I caught a little heat when covering a controversy surrounding an aerial insecticide spraying program to address a threatened Asian Gypsy moth infestation. The presence of the moths was verified by the appearance of males in pheromone traps, which, as I wrote, attract the moths “like Shriners to a Nevada cathouse.”
It was worth it.
I remember we had this milk in bags at this end of the pond too when I was a kid. Haven’t seen them for decades but am sure they are still available here at some discounters.
The American Legion paid a price for its attitude towards the Vietnam veteran; eventually came to realize
this and made belated amends however too little too late. Veterans as a collective voting entity still are
recognized as viable constituency but most issues arising germane have been dealt with mainly outside the
Legion/Veterans of Foreign Wars involve. The younger kids are a more receptive generation and ready
to avail any and all assistance, but also more sophisticated. I've counseled some of these kids and they
are most impressive. Where I have intuited the continued organizational presence is in wound/medical
care issues. Most of the Purple Heart recipients I have met that were severely wounded would not have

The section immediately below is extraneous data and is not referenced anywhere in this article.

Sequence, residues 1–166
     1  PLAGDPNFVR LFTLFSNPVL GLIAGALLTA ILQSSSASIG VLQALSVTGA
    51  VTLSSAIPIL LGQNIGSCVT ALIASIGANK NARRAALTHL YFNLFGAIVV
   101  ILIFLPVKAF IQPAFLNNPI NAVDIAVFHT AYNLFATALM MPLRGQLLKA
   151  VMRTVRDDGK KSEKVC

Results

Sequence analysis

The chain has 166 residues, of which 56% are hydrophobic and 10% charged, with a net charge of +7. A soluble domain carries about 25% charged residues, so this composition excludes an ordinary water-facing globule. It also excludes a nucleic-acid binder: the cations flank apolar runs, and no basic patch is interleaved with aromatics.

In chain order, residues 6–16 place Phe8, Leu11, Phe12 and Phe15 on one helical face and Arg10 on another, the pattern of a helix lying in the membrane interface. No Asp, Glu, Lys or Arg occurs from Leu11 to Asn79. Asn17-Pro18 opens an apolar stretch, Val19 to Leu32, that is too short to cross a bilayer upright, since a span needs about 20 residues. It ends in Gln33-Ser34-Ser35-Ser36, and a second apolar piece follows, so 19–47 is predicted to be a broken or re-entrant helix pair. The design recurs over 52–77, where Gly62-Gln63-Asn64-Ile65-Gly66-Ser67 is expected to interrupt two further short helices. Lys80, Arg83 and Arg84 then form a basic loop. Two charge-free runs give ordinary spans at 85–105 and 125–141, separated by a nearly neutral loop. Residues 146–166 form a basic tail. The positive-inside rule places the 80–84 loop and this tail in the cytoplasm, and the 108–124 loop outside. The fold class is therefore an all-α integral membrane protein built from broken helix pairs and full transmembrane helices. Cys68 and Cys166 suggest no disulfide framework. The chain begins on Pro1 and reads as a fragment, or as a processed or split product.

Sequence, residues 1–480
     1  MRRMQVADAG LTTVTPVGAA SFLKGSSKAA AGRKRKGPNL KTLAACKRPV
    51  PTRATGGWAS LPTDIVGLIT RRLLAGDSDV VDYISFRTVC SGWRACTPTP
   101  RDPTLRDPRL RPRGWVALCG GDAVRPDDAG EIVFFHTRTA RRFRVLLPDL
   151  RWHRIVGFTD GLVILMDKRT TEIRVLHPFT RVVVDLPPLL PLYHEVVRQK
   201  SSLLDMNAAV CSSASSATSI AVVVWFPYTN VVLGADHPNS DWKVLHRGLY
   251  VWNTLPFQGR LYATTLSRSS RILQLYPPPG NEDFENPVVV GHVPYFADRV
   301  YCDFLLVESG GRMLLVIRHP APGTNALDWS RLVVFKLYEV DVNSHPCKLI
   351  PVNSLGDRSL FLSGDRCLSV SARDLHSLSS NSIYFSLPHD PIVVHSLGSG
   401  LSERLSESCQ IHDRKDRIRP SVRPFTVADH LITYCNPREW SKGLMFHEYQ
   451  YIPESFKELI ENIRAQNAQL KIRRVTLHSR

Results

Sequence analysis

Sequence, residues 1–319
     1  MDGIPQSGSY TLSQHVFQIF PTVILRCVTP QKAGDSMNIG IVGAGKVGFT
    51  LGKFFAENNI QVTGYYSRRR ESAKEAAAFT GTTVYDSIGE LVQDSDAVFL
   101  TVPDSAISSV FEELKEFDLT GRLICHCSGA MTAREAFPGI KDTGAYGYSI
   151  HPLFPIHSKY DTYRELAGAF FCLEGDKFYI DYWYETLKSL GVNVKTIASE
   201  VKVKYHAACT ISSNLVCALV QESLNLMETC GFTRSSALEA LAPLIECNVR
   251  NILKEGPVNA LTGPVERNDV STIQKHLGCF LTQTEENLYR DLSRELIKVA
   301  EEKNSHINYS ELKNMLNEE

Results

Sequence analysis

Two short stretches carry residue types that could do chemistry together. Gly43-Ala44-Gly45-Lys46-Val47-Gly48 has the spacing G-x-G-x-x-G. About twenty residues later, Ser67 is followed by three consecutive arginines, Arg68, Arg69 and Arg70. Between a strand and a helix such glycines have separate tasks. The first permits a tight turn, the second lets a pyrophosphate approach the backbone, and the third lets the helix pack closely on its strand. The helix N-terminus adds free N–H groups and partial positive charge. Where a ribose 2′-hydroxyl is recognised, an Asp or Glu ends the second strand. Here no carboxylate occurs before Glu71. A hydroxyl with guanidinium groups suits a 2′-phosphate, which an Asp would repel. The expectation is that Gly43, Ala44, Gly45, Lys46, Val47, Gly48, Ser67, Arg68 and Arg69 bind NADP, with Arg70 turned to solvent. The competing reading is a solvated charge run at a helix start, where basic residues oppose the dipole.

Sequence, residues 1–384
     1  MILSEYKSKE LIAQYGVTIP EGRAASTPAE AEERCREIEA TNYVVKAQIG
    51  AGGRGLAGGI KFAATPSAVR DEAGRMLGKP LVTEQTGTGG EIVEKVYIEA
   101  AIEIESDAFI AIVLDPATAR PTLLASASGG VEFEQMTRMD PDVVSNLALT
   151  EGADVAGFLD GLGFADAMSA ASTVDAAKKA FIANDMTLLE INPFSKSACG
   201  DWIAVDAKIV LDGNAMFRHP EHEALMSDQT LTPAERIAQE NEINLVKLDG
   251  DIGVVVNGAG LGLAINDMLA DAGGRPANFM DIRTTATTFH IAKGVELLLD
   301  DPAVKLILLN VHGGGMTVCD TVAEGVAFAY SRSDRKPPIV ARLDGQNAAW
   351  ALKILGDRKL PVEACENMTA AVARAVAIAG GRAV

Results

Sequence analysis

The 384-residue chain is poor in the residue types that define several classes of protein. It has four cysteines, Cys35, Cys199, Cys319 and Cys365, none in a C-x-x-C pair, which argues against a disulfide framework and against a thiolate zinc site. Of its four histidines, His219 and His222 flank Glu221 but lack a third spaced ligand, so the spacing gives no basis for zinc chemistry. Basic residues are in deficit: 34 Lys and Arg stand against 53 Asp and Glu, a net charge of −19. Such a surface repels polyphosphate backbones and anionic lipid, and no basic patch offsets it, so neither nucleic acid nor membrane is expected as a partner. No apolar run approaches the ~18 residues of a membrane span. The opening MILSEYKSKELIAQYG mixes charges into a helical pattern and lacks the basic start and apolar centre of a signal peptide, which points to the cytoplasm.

made it off the battlefield during Vietnam. Animals, dogs especially are now serving somatic and trauma
patients to a remarkable degree with seeming great effectiveness.
"supply managed", what exactly is that?
Bags are apparently used in Israel as well. Who knew?!
This is for informational purposes only, not to open up a debate, so here goes:
In Canada, some products like milk, chicken, and turkey are managed in terms of supply by regulating how much is produced and by extension, who can produce.
A provincially mandated private board issues "quota", the total number of product units that can be produced (milk, eggs) or raised (birds). That total is sold in the market to farmers having the means to buy it and produce.
Initial quota allocations were reasonably priced. However, ironically if you will, the supply of quota is far less than the demand for it, so now we have paper millionaires who are free to sell on, or pass down to the next generation.
The quid pro quo for limiting supply is to guarantee price at the market stall. So by some (not all) standards Canadians pay more for milk, eggs, etc. I say some standards, because this system avoids the massive government subsidies of these products, a hidden cost found in other jurisdictions.
This is an issue in internal Canadian politics and before international trade panels. I have no personal dog in the fight, though my inlaws raise broiler chickens and my wife's aunt and uncle are dairy farmers, I think the prices are reasonable given the farmers are not competing each other into bankruptcy, but I do wish the butter was more easily spread!
In the Era, the Legion was known in labor circles as "The American Fascisti," and for good reason -- Legion commander Alvin Owsley, in 1923, frankly declared it to be such. Left-leaning WWI veterans, of which there were many, were purged during the 20s and 30s, ensuring that what remained were the kind of people who would threaten to lynch anyone who declined to salute the flag.
No, I see you more as a Dervish. Do you whirl?